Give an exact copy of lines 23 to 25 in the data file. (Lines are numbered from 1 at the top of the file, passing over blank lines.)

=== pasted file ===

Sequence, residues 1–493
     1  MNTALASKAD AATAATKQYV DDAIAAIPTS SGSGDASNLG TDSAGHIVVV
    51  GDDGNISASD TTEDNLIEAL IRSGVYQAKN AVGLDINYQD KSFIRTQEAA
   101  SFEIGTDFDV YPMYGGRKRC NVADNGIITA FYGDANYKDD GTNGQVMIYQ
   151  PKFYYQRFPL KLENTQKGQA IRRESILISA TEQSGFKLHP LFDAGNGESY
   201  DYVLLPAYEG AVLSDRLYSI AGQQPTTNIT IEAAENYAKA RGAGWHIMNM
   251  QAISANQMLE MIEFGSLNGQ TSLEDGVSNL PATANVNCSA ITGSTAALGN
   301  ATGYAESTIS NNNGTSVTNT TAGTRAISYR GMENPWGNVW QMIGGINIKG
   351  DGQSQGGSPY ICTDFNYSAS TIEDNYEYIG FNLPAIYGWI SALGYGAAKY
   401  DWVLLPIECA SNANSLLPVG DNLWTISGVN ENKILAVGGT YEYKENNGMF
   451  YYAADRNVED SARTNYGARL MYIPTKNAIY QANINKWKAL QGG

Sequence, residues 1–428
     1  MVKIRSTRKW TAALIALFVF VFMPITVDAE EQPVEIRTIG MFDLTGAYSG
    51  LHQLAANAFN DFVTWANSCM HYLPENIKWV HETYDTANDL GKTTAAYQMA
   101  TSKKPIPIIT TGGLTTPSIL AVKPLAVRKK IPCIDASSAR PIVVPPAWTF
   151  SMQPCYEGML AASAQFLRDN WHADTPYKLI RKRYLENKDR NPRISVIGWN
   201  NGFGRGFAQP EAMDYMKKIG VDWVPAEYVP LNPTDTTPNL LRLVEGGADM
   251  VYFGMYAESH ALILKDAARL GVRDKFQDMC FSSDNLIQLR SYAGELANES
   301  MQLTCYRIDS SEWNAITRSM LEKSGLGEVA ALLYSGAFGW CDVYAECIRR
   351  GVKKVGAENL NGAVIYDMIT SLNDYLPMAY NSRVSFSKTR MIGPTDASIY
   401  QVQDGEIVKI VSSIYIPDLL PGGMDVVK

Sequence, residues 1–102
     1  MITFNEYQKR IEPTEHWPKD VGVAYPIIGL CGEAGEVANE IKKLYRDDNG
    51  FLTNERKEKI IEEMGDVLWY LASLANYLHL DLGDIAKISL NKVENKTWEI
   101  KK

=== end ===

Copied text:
     1  MITFNEYQKR IEPTEHWPKD VGVAYPIIGL CGEAGEVANE IKKLYRDDNG
    51  FLTNERKEKI IEEMGDVLWY LASLANYLHL DLGDIAKISL NKVENKTWEI
   101  KK